At its annual meeting January 18 – 19, the ARRL Board of Directors decided that the organization needs to “review, re-examine, and reappraise ARRL’s regulatory and legislative policy with regard to private land use restrictions.”
In order to effectively undertake such a review, the Board adopted a resolution to withdraw its December 18 Petition for Rule Making to the FCC, which sought to amend the Part 97 Amateur Service rules to incorporate the provisions of the Amateur Radio Parity Act (ARPA), without prejudice to refiling. The resolution also is asking members of Congress who had refiled legislation to enact the Amateur Radio Parity Act (ARPA) to refrain from seeking to advance that legislation pending further input from the ARRL.
Board members noted that the ARRL has been pursuing adoption of the ARPA for the past several years, and that objective has not yet been achieved. While everyone understands that getting Congressional approval on any matter can be a lengthy process, the difficulties getting the ARPA approved have been a source of frustration to the organization and its members. A majority of the Board now believes that there is a need to reassess the organization’s approach to this issue.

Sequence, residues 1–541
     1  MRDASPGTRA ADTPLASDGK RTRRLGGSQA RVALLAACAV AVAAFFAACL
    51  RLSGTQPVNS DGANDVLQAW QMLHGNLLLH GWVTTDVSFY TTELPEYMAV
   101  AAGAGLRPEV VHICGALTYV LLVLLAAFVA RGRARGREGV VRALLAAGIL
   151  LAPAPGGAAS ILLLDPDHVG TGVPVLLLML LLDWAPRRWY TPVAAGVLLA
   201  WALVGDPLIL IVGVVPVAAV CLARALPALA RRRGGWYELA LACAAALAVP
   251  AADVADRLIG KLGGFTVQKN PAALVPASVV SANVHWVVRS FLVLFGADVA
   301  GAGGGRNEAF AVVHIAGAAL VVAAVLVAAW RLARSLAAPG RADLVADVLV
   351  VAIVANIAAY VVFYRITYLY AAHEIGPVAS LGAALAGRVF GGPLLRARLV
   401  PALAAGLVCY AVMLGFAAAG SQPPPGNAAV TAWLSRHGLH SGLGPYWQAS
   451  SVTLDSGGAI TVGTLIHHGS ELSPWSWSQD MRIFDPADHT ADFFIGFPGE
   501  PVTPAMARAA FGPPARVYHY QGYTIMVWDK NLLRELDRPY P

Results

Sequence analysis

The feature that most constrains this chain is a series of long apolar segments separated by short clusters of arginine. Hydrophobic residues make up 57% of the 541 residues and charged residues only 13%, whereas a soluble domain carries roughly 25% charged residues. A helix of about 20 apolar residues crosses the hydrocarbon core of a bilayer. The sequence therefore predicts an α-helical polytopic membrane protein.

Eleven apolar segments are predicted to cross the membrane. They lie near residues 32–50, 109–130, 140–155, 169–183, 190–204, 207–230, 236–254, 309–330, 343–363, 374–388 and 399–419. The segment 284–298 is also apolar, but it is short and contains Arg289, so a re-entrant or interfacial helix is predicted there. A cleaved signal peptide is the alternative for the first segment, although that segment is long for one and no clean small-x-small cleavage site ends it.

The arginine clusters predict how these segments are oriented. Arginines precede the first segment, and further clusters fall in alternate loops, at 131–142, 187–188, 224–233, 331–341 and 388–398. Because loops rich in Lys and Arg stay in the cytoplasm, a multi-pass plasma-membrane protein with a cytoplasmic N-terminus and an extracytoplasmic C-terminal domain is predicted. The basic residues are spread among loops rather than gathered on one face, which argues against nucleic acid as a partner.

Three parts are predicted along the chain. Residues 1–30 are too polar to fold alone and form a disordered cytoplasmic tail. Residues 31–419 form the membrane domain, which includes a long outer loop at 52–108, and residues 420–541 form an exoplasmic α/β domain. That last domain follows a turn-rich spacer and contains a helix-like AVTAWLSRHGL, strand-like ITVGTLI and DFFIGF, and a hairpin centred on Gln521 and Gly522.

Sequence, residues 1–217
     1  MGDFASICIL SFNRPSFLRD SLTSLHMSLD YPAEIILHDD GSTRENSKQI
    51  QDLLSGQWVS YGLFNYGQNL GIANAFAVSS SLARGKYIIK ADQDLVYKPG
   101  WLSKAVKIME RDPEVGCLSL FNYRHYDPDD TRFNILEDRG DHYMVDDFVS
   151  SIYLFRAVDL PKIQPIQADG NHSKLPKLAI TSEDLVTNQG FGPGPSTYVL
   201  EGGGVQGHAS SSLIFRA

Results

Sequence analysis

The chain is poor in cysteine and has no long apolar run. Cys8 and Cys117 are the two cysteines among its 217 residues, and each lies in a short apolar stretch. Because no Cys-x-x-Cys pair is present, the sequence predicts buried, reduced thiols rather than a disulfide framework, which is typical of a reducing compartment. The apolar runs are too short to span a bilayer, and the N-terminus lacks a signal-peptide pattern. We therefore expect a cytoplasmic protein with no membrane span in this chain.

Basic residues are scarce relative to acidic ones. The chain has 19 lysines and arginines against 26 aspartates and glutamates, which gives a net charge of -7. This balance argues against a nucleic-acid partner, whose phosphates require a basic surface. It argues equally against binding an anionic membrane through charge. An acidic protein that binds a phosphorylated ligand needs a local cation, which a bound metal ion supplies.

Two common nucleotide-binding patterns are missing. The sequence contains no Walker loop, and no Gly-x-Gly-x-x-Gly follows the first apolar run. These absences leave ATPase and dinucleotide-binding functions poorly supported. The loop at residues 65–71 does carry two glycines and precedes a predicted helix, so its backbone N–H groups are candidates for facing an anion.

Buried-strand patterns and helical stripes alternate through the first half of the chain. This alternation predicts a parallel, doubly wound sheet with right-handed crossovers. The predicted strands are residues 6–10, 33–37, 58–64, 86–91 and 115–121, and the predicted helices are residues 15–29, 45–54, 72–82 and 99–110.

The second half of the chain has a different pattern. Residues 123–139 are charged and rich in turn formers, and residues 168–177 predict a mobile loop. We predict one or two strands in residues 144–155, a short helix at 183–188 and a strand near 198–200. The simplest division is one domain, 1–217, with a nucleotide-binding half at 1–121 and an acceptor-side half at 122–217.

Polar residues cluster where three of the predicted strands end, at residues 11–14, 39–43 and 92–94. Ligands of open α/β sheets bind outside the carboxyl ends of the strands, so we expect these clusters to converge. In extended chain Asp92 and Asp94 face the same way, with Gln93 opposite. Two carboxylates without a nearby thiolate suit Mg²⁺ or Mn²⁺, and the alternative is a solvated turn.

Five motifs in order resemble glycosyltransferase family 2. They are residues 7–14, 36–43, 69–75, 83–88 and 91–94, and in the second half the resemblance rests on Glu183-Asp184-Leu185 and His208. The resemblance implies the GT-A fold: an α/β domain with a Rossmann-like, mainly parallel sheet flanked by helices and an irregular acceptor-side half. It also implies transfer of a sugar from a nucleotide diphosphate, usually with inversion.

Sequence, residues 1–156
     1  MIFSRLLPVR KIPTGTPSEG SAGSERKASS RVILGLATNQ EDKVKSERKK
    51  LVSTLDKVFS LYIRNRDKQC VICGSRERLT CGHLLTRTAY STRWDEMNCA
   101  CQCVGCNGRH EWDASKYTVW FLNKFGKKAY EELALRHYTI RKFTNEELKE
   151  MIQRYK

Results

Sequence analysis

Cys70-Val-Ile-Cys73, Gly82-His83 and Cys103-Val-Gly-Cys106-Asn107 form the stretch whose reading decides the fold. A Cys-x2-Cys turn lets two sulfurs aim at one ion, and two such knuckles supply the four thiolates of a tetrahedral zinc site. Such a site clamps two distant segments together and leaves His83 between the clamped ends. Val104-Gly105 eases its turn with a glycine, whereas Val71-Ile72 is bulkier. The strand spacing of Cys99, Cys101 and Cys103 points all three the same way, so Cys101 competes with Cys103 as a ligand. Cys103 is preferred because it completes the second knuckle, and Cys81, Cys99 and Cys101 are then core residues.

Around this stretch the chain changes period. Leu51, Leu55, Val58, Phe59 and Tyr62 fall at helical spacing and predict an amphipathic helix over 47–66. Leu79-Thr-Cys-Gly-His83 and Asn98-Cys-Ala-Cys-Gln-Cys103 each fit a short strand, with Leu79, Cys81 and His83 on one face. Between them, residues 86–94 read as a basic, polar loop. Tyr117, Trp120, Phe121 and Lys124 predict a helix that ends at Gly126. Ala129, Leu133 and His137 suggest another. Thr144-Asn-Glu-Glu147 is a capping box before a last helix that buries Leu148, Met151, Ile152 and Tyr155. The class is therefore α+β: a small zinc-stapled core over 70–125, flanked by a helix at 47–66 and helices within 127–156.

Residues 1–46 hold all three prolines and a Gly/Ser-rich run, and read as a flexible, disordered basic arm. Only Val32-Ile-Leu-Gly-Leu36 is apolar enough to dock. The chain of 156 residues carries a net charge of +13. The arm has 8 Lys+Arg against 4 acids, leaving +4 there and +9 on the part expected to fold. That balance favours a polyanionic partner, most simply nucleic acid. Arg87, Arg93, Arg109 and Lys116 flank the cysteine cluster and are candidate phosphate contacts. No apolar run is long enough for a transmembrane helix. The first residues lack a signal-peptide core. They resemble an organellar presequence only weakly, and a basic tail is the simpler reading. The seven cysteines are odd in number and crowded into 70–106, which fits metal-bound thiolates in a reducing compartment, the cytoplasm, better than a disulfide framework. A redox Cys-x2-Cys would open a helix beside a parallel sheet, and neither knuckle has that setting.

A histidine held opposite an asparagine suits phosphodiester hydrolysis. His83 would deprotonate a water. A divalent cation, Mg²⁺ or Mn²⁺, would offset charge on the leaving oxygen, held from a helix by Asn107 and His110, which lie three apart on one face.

The Board wants to make clear to its members, and to those whose policies and conduct prevent or impair the right of US Amateur Radio operators to operate from their homes, that this pause is not, and should not be interpreted as an abandonment of its efforts to obtain relief from private land-use restrictions. The Board noted that its intent is “to renew, continue and strengthen the ARRL’s effort to achieve relief from such restrictions.” This action represents a chance to get the best product possible for all US Amateur Radio operators.
The Board expressed its sincere appreciation to the thousands of ARRL members who took the time to contact their representatives in Congress to urge them to support the Amateur Radio Parity Act. The Board also offered its thanks to those members of Congress who have consistently and continuously supported the rights of US Amateur Radio operators.